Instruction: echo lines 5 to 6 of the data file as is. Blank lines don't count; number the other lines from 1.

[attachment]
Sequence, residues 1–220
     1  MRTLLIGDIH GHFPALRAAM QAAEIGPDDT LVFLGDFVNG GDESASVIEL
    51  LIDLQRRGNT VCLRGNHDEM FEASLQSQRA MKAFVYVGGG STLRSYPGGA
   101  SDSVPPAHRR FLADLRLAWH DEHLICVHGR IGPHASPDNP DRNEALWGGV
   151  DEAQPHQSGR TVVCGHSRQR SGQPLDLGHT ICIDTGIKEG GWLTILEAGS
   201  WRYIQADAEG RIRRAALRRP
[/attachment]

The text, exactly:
   151  DEAQPHQSGR TVVCGHSRQR SGQPLDLGHT ICIDTGIKEG GWLTILEAGS
   201  WRYIQADAEG RIRRAALRRP